There are a number of functional medicine labs to evaluate the root cause of autoimmune disease. Testing is important as it allows the practitioner to see the whole picture of the individual– just like different pieces of a puzzle– so that they are able to pinpoint what is at the root of the autoimmunity.

Functional labs may consist of the following:

Comprehensive Stool Test

The gut microbiome is at the epicenter of autoimmunity. This test is important as it provides a comprehensive overview of the bacteria that reside in the gut microbiome regarding diversity, composition, and how the bacteria respond to the host. Furthermore, this test detects infectious parasites and pathogens.

Anti-Nuclear Antibodies ANA

This test assesses for antibodies that can be indicative of autoimmune disease. A positive ANA test means autoantibodies are present, and further lab work for autoimmune disease would likely be performed.

C-Reactive Protein (CRP)

This test evaluates inflammation. A high CRP can be a marker for inflammation and immune activity and help screen for autoimmune disorders.

Comprehensive Thyroid Panel

Getting a comprehensive Thyroid Panel is important as many autoimmune conditions such as Hashimotos or Graves target the thyroid.

Food Sensitivities/Food Allergies

Food allergies or sensitivities are imperative to assess for as they can provide insight to what is triggering the body, including the gut and immune system as nearly 80% of the immune system is housed in the gut.

Intolerances to gluten, dairy or other foods can contribute to symptoms of inflammation, alter gut composition, and wreak havoc on the immune system.  

Toxin Exposure

This test evaluates toxic exposures from one’s environment with a simple urine sample which can provide insight to an underlying causal factor to Autoimmune Disease. Toxins from one’s environment can impede upon the thyroid, immunity and the functioning of the gut– all of which contribute to autoimmunity.

Micronutrient Testing

Nutritional deficiencies are often apparent in those with autoimmune disease due to malabsorption factors. Therefore, ensuring one is sufficient in all the vitamins and minerals that are important in supporting their body, especially in dealing with autoimmunity, is imperative.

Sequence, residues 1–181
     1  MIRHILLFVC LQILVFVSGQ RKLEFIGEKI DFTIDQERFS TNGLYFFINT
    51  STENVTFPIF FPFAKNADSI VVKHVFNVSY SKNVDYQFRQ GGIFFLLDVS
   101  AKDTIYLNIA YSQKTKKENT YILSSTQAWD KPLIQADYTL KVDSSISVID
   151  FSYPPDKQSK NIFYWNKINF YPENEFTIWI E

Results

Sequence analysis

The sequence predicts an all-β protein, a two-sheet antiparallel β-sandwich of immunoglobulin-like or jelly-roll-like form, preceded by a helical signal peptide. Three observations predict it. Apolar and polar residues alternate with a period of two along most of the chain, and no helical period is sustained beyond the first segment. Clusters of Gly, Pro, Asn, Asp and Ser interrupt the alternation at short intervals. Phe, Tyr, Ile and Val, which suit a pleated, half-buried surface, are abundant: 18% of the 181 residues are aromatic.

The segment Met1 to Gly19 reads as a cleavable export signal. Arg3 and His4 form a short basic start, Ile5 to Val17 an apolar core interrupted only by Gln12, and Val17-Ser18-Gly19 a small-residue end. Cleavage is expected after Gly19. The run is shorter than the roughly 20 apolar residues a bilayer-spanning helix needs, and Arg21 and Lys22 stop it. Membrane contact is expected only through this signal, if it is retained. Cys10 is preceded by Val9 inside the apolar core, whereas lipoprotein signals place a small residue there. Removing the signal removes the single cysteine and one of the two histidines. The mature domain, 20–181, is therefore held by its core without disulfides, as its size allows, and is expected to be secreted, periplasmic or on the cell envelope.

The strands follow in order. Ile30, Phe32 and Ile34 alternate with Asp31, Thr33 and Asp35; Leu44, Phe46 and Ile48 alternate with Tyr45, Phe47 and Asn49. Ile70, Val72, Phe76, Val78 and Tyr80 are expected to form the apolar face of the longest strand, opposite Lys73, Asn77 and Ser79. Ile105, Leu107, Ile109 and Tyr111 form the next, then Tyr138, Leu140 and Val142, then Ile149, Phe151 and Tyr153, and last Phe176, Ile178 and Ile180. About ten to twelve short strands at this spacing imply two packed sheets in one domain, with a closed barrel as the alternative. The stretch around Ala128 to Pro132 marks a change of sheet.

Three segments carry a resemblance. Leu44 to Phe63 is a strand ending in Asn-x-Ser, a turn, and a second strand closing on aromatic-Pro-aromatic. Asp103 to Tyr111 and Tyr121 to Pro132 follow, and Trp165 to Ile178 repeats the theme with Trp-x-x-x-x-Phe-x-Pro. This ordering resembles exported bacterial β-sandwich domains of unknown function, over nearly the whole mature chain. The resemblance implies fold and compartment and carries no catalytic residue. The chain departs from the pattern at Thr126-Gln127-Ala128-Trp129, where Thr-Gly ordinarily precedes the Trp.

Genetic Testing

This test provides insight into a number of measures of our health related to inflammation, detoxification, and hormones. This data improves knowledge of how one's body systems functions based on their unique genetic make-up, what conditions they may be more susceptible to, and the areas that could use the most focused support.

Infections

This test measures antibody responses to 7 of the most common infections associated with autoimmune nervous system conditions.

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Complementary and Integrative Medicine Options for Treating Autoimmune Disease Naturally

Functional Medicine offers many options for treating autoimmune diseases naturally. Once testing identifies the root cause of autoimmune disease, you can begin to treat the root cause of it. Natural approaches to treating autoimmune disease consist of the following:

Address Gut Microbiome

Triggers may include sugar, wheat, processed foods, dairy, and gluten. Among other intolerances one may have. Repairing the gut with amino acids such as L-Glutamine may be recommended.

The 5 R Protocol may also be recommended depending on individual needs. This diet consists of removing what is disruptive to the gut. Replacing with digestive enzymes, HCL, or bile that one may be deficient in. Reinoculating with probiotic-rich food sources and nutrient-dense foods. And finally, repairing the gut lining with supportive nutrients such as glutamine.

Rule Out Food Allergies and Sensitivities

Food allergies and sensitivities can impede upon the integrity of the gut lining and lead to systemic inflammation, gut microbiome imbalances, and malabsorption—- and contribute to autoimmune conditions.

Manage and Reduce Stress

High levels of chronic stress can cause imbalances in the immune system and the gut microbiome. Stress can reduce stomach acid in the gut, impede microbial diversity and composition, and contribute to intestinal permeability or leaky gut. Moreover, repeated stress can cause inflammation and wreak havoc on immunity.

Reduce Toxin Exposure

Toxic exposure from the environment can cause oxidative stress and inflammation in the body and wreak havoc on immunity. You can reduce exposure to environmental toxins by using an air and water filter, fragrance-free and natural household cleaners, and switching from plastic to glass storage containers.

Rule out Infections

Infections occur when viruses, bacteria, or other microbes enter the body and multiply. The body's response to infection often results in redness, inflammation, and fever. Infections can trigger autoimmune disease, especially for those with genetic predispositions. If you suspect you have an infection, it's important to seek medical attention to rule this possible cause out.

Autoimmune Disease Diet

A significant body of research indicates that plant-based, anti-inflammatory, and whole foods diets may support autoimmune disease.

Research suggests that nutritional approaches with characteristics of both a Mediterranean diet and one rich in whole foods and unprocessed meats have effectively supported autoimmune conditions.

Both ways of eating favor eliminating ultra-processed foods while incorporating increased amounts of phytonutrients that help modulate immune function and reduce systemic inflammation, such as fruits and vegetables and locally caught seafood.